Extreme Wind Load Estimates Based on Gumbel Distribution of Dynamic Pressures: An Assessment.
Extreme Wind Load Estimates Based on Gumbel Distribution
of Dynamic Pressures: An Assessment.
Simiu, E.; Heckert, N. A.; Filliben, J. J.; Johnson, S.
Structural Safety, Vol. 23, No. 3, 221-228, 2001.
wind engineering; wind forces; extreme value statistics;
wind velocity; structural engineering
We present a contribution to the current debate on
whether it is more appropriate to fit a Gumbel
distribution to the time series of the extreme dynamic
pressures (i.e. of the squares of the extreme wind
speeds) than to fit an extreme value distribution to the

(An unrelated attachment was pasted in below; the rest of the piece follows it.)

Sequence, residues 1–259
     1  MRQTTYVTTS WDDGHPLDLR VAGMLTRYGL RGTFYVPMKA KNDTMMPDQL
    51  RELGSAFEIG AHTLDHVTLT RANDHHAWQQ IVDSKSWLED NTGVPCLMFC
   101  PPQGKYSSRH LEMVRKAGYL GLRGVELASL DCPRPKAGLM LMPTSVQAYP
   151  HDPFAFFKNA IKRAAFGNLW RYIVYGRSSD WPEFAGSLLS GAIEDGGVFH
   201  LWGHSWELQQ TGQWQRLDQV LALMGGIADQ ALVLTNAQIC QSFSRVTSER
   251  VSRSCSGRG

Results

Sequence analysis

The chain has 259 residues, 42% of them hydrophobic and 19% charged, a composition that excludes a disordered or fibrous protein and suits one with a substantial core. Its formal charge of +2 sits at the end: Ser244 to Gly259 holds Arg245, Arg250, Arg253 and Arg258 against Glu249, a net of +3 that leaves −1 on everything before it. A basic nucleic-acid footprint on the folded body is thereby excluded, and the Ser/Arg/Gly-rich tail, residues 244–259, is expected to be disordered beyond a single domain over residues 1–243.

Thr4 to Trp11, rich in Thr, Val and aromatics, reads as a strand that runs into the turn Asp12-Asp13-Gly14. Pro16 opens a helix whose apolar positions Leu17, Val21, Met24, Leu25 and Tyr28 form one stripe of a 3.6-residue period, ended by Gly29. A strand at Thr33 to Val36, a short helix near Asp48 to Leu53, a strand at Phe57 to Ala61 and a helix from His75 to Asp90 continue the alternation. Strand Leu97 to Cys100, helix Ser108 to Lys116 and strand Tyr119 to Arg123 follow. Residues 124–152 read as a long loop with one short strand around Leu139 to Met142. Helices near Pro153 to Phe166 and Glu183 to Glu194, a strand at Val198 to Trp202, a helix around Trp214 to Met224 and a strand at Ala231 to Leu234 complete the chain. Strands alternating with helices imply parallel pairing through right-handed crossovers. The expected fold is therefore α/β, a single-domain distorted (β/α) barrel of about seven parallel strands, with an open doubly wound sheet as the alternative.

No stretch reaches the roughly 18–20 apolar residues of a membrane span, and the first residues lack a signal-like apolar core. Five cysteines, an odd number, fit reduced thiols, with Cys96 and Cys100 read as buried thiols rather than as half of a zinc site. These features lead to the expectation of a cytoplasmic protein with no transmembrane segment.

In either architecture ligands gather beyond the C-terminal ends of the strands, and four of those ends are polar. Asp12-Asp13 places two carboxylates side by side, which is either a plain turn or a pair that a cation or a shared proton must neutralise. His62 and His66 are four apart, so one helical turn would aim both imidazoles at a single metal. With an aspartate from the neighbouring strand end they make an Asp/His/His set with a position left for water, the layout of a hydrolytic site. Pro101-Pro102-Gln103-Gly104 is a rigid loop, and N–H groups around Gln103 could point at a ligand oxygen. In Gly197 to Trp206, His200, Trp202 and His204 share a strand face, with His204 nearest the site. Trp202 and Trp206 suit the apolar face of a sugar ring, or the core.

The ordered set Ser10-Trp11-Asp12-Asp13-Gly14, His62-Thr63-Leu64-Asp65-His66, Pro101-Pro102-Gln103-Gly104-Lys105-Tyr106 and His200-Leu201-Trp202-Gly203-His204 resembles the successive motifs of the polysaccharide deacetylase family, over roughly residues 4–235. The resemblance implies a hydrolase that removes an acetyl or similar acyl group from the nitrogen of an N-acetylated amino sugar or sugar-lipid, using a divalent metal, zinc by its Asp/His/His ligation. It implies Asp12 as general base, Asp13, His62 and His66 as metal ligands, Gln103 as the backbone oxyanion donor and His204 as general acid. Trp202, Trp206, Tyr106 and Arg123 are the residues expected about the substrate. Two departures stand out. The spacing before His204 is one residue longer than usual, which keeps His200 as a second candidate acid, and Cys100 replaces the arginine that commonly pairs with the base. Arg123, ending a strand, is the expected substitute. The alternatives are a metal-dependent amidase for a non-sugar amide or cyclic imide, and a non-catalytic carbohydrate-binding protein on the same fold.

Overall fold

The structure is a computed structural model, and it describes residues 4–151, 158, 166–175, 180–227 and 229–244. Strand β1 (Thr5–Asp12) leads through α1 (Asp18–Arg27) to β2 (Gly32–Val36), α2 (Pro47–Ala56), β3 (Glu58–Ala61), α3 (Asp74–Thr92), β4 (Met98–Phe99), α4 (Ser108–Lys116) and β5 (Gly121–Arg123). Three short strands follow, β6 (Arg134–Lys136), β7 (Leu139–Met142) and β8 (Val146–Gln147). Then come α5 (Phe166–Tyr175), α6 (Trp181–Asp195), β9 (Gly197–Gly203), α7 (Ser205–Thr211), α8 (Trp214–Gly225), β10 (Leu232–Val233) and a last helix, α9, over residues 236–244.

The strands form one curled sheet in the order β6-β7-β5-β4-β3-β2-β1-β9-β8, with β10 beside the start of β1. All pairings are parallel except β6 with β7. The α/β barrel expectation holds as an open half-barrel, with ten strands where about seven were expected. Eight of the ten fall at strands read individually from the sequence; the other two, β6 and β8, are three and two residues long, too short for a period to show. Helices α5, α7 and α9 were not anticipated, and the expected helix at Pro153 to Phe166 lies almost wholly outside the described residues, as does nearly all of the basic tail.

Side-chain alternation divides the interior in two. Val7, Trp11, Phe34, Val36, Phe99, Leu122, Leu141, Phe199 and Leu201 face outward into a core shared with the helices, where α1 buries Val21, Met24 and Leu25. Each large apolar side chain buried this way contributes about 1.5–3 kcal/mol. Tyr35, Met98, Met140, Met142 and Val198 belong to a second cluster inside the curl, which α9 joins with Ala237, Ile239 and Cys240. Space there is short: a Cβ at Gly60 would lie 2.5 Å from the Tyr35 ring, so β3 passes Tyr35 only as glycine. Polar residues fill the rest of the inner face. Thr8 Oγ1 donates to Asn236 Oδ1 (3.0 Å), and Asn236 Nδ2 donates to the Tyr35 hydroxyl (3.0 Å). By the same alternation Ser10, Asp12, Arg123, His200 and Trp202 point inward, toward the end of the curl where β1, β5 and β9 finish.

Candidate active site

time series of the extreme wind speeds themselves. It
has been shown that the use of time series of the
extreme dynamic pressures would be justified if the time
series of the wind speed data taken at small intervals
(e.g. 1 h) were, at least approximately,
Rayleigh-distributed. We show that, according to sets of
data we believe are typical, this is not the case. In
addition, we show results of probability plot
correlation coefficient (PPCC) analyses of 100 records
of sample size 23 to 54, according to which the fit of
reverse Weibull distributions to largest yearly wind
speeds is considerably better than the fit of Gumbel
distributions to the corresponding largest yearly
dynamic pressures. We interpret the data and results
presented in the paper as indicating that there is no
convincing support to date for the hypothesis that the
Gumbel distribution should be used as a model of extreme